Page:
Category Archives: Public Affairs Lecture Series

Public Affairs Lecture Series: Crystal Young-Otterstrom

On Thursday, April5, 2018, Crystal Young-Otterstrom spoke to students about her career within the Utah Cultural Alliance and described her career path and life lessons. Young-Otterstrom is the executive director of Utah Cultural Alliance, the statewide advocacy voice for the arts, humanities, and cultural businesses of Utah; state treasurer of the Utah Democratic Party (elected position); and one of the managing editors of MormonPress.com. She serves as a co-chair for LDS Dems of America and as a co-founder and board chair for Salty Cricket Composers Collective. For eight years, she was the audience development manager for the Utah Symphony and seven years for the Utah Opera. A composer and coloratura soprano, Young-Otterstrom received a BA in music theory with minors in humanities, economics, and marketing at BYU and an MA in musicology and composition from the Aaron Copland School of Music in New York.

She began her presentation explaining that her main priority within her career is to act as an advocacy voice for the arts and humanities. Demonstrating her involvement in the community and politics, she listed several boards and organizations that she participates in. Among these are Utah Women and Politics PAC, Americans for the Arts, BYU PAS, Planned Parenthood Action Council of Utah, the School Community Council at Emerson Elementary, and Alliance for a Better Utah—to name a few. Quoting John Aster, she encapsulated her young-self’s motto, “what you can do or dream, you can begin it, boldness has genius, power and magic in it.” She then explained as she has learned and grown, her favorite quote has shifted to Ecclesiastes 3:1, “to everything there is a season, and a time to every purpose under the heaven.”

Speaking about her political interests, Young-Otterstrom started out as a republican, but after being involved with the republican club at BYU, she realized that she was more left learning than she originally thought. She explained that at BYU she felt free to explore her political identity and became involved with activism for a time. After leaving BYU she became increasingly more involved in the Democratic Party. In 2011, she helped form LDS Dems as the vice chair.

Elaborating on the purpose of the Utah Cultural Alliance, she explained that the focus of the organization is to act as an advocating voice for the arts and humanities, raise awareness on the impact of the cultural center on the community using supporting data, and provide accessible professional development for those working in the arts and humanities. The Utah Cultural Alliance advocated for keeping the arts a required course in Utah middle schools. By petitioning the school board and calling a special hearing, they helped broker a compromise where parents could opt their child out a subject if wanted, but would be required to replace it with a similar class. Young-Otterstrom explained that although she is involved in partisanship, she enjoys working for a non-partisan organization. It is her opinion that the arts and humanities is not a partisan issue, and as the number one state in arts participation, it is not hard to justify that claim in Utah. She explains that within a non-partisan organization, everyone is friends and have decided to never take things personally. She enjoys getting to work with people from the other side of the political spectrum on something that they both agree on. She explained that this has been a great way to grow the diversity within her personal network, and she has learned that the most effective elected officials are bridge builders.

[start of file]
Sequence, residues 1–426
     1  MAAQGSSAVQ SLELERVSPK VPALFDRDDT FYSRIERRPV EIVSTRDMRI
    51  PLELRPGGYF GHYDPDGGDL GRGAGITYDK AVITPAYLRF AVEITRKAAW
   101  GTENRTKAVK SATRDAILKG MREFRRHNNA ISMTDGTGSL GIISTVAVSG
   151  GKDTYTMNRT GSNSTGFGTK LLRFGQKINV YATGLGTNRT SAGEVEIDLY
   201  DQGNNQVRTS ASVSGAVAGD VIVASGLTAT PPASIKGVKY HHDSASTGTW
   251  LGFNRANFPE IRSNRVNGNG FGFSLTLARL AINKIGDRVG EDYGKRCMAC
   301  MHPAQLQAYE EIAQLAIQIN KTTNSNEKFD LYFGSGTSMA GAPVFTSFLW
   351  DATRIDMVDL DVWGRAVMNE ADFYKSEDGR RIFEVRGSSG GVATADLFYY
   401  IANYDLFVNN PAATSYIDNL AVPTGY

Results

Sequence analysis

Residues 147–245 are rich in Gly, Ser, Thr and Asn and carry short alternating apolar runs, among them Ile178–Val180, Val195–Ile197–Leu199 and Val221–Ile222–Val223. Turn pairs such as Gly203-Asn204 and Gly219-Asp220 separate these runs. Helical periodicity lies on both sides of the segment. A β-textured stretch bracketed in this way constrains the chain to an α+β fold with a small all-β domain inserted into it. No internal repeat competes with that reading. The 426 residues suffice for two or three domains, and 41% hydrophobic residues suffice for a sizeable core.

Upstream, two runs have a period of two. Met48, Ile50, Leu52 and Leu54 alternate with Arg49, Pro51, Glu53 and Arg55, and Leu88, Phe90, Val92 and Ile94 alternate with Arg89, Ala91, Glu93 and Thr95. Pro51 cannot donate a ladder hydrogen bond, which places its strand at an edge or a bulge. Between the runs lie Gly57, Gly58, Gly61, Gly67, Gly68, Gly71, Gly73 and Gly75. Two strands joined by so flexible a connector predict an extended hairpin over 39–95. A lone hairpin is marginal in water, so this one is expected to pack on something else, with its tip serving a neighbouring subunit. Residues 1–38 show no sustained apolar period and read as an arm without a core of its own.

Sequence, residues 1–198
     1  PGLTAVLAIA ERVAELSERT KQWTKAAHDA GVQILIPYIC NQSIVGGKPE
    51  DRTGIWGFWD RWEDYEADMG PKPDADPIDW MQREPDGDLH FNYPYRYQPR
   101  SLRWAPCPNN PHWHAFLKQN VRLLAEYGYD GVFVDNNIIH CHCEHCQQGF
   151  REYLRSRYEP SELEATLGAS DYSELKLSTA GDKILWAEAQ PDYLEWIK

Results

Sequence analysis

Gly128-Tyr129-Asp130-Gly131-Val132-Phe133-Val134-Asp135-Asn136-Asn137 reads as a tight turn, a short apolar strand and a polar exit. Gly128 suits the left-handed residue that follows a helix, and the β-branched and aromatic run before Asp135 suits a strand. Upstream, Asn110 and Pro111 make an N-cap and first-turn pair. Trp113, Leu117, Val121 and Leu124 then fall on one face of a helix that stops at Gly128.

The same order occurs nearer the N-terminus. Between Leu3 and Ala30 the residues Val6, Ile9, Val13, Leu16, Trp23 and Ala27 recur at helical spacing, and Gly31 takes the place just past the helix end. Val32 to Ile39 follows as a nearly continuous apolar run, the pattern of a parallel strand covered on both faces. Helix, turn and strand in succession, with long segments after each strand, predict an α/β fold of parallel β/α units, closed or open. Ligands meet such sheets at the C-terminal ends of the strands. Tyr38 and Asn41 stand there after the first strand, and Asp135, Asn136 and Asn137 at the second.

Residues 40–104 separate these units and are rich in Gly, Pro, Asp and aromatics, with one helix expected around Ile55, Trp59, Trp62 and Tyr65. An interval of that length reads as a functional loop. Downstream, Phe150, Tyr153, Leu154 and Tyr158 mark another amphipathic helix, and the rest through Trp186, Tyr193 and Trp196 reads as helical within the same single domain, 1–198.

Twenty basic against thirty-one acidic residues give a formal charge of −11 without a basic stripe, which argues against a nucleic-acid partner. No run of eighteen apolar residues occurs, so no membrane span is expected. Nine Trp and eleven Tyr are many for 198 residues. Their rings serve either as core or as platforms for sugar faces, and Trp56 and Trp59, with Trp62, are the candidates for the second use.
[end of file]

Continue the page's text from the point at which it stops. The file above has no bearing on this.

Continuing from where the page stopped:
Closing with lessons she has learned throughout her career. First, Young-Otterstrom encouraged students to diversify their skill sets. She said that it is vitally important to always continue learning how to do new things, because a career requires a variety of skills rather than one specialized task. Second, she stressed the importance of becoming a “bridge builder.” She said that people respect you when you take a stand for things, but if you become immoveable, nobody will want to work with you. Third, don’t be afraid to say yes to things. Do not think you are underqualified if you are being invited. And fourth, always make time for your family as you go about your career. She explained that it is very important to draw lines around your work and home life, but it is very possible to do both.

Young-Otterstrom closed her lecture with a quote from Elder Jeffrey R. Holland: “There is room for those who speak different languages, celebrate diverse cultures, and live in a host of locations. There is room for the single, for the married, for large families, and for the childless. There is room for those who once had questions regarding their faith and room for those who still do. There is room for those with differing sexual attractions. In short, there is a place for everyone who loves God and honors His commandments as the inviolable measuring rod for personal behavior, for if love of God is the melody of our shared song, surely our common quest to obey Him is the indispensable harmony in it. With divine imperatives of love and faith, repentance and compassion, honesty and forgiveness, there is room in this choir for all who wish to be there.”